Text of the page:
Does anyone use barley malt in their breads? If so what does it do for flavor?
when they are required by the recipe. Barley malt syrup for bagels inside the dough and in the boiling water. Also use it in pumpernickel and rye breads. All used for color of the crust and sweetness to the crumb. I also make and use red dry malt for color of the crumb and crust. White malt is used for sweetness and to add extra enzymes to the dough that break down protein bonds to convert them to sugars that yeast and Labs can eat - great for releasing enough food for very long retards.
There are lots of other reasons to use malts that other folks will point out. Malts are on if the great bread additives.
This is what Bob's Red Mill says about their malted barley flour:
"Malted Barley Flour, also known as Diastatic Malt, improves the flavor and appearance of yeast breads. Add 1/2 to 1 teaspoon for every 3 cups of flour in your favorite bread recipe to give the loaves a slightly sweet flavor and moist texture. Malted Barley Flour also prolongs the shelf life of baked goods."
I use a little(very tiny amount) in virtually all of my breads.
i put 3 - 5 g each fo red and white malt in just about every bread I make.
...in baguettes. Its amylase enzyme makes more sugar available to the yeast for proofing and oven spring, and residual sugars to increase crust browning. I use 1 tsp. for each 375g (~3 cups) of flour. The baguettes' narrow shape, and smaller dough mass, requires less baking time than a boule or batard, reducing time for browning in comparison to other bread shapes. We like a thin, but well browned crust on baguettes.
I use hopped malt barley extract, more commonly known as beer kits. The hops are a bit bitter, so I only add a touch to dough and use honey for the rest of the sweetener, when required.
Not barley malt, but diastatic malt. The enzymes convert the starch to sugars which the yeast loves.
I've begun using my own homemade diastatic malt in my loaves. It's exactly what one purchases from KAF and Bob RM. My first result was pretty phenominal in my fresh ground hard white whole wheat loaves (still experimental) so I'm sold on it. My wife is picky, but she proclaimed these loaves as being very good. I'm still working on the recipe though.
Diastatic malt doesn't just come from barley, but that's what most folks think of because it's used in brewing.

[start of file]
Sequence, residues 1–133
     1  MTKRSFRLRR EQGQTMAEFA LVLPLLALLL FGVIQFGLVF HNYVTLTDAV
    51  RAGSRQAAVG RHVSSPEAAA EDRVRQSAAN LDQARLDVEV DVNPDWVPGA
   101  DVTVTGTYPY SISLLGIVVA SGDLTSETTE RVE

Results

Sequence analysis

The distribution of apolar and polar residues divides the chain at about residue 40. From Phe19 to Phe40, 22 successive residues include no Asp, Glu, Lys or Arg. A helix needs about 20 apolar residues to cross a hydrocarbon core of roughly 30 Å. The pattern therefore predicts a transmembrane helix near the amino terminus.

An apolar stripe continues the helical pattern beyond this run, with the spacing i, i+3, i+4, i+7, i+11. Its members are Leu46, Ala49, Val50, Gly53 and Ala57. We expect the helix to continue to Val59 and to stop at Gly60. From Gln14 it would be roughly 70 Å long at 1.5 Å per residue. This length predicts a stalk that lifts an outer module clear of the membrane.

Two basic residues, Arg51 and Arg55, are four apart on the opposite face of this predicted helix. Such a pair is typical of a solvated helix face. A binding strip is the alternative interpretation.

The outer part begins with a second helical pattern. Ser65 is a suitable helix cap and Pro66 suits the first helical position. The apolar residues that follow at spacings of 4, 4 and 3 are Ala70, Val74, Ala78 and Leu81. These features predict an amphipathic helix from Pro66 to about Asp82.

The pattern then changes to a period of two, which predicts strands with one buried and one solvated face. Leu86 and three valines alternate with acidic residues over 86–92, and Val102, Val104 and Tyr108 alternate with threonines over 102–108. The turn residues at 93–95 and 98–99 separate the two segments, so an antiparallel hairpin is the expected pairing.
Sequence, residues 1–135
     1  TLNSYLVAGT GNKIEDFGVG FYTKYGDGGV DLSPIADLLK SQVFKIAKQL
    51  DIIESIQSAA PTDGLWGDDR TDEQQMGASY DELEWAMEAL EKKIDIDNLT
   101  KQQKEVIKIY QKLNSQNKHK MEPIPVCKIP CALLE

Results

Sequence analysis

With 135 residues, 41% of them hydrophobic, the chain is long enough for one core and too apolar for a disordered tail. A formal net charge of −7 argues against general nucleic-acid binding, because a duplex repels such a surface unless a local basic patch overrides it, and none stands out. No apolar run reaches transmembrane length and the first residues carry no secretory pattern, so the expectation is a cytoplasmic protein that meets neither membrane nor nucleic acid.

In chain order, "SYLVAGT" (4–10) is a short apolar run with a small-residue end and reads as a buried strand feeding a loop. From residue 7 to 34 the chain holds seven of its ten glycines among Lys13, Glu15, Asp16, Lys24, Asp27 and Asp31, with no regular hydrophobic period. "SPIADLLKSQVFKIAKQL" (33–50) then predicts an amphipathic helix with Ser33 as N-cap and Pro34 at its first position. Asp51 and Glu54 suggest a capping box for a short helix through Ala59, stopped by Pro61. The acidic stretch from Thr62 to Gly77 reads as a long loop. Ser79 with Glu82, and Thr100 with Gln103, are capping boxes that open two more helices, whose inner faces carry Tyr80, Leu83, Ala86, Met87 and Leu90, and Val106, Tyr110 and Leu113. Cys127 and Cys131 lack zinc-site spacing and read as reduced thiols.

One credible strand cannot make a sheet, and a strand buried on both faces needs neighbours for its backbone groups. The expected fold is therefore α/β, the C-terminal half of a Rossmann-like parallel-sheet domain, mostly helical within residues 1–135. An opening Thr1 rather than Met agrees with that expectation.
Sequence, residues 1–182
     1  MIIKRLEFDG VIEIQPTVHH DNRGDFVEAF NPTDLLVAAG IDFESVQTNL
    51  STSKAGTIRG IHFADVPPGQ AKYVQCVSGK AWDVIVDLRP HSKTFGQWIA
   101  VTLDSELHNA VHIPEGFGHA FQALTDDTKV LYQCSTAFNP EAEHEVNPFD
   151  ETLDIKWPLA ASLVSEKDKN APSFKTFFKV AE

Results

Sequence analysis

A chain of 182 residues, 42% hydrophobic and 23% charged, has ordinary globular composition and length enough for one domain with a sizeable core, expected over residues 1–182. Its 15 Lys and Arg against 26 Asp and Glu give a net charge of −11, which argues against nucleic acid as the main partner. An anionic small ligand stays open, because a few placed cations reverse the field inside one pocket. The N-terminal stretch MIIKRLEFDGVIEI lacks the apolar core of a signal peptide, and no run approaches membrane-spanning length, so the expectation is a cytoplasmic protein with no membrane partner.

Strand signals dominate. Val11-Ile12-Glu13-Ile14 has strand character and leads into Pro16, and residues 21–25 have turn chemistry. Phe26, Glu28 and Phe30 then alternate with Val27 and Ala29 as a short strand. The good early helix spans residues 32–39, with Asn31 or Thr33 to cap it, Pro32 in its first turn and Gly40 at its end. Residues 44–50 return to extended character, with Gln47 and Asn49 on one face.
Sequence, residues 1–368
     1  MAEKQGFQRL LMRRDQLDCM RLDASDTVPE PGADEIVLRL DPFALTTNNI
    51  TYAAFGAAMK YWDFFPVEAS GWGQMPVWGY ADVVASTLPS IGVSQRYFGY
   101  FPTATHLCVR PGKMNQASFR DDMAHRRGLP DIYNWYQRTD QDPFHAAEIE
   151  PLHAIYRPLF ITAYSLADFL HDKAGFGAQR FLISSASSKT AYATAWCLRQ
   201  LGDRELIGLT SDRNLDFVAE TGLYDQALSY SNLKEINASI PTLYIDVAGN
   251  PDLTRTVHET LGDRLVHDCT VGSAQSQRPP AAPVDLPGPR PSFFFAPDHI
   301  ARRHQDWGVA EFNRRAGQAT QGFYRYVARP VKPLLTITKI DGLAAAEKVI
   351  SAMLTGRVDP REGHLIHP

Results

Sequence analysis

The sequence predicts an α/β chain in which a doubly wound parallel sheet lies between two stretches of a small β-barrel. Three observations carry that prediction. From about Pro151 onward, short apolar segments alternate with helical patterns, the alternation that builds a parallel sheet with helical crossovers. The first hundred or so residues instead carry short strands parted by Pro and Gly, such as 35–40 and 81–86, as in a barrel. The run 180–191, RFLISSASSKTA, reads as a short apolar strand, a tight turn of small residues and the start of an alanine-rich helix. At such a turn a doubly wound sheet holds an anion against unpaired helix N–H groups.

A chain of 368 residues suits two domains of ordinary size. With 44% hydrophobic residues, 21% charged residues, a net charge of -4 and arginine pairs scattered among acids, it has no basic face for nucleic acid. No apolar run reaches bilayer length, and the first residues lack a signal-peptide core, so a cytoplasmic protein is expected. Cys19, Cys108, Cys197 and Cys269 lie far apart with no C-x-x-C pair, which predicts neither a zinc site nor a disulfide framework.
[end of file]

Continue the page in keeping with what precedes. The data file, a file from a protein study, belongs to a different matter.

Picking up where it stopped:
I make mine by sprouting the wheat berries (soft wheat this time), then dehydrate them at low temperature so as not to deactivate the enzymes, and then grind into flour. It takes time but it's not difficult. The sprouts are ready for drying when the sprouts average about the same length as the berry itself.
Right now I have rye sprouting for use in rye bread. To me it just makes sense to use rye for diastatic malt in rye bread.
Here's a bit more information about making homemade diastatic malt and a recipe: http://www.dryit.com/diastaticmalt.html
Edit: corrected sprout length
Diastatic Malt was my next experiment on my whole grains adventure. Wasn't sure which would be better, Barley Malt flour (from BRM) or Diastatic Malt powder. I had a concern with the dextrose added to the powder.
Thanks for posting that link BBQ!
I've been sprouting and grinding my own malt flour like BBQinMaine. I've been doing a 19:1 ratio of plain wheat to sprouted wheat, which sounds like it's a lot more than the 1 tsp per 3 cups flour. I always let that flour soak a while to make sure the enzymes get some work in. I notice the difference drastically - a malt-free loaf looks pale and unappetizing compared to a malt loaf. I haven't noticed a difference in flavor particularly, but the malted loaves always look amazing.
I add Ovaltine Original Malt powder or Nestle-Carnation Original Malt powder (not the chocolate flavor) to white and whole grain sandwich breads. It adds a nice flavor note. Two or three tablespoons to a 1 1/2 lb loaf.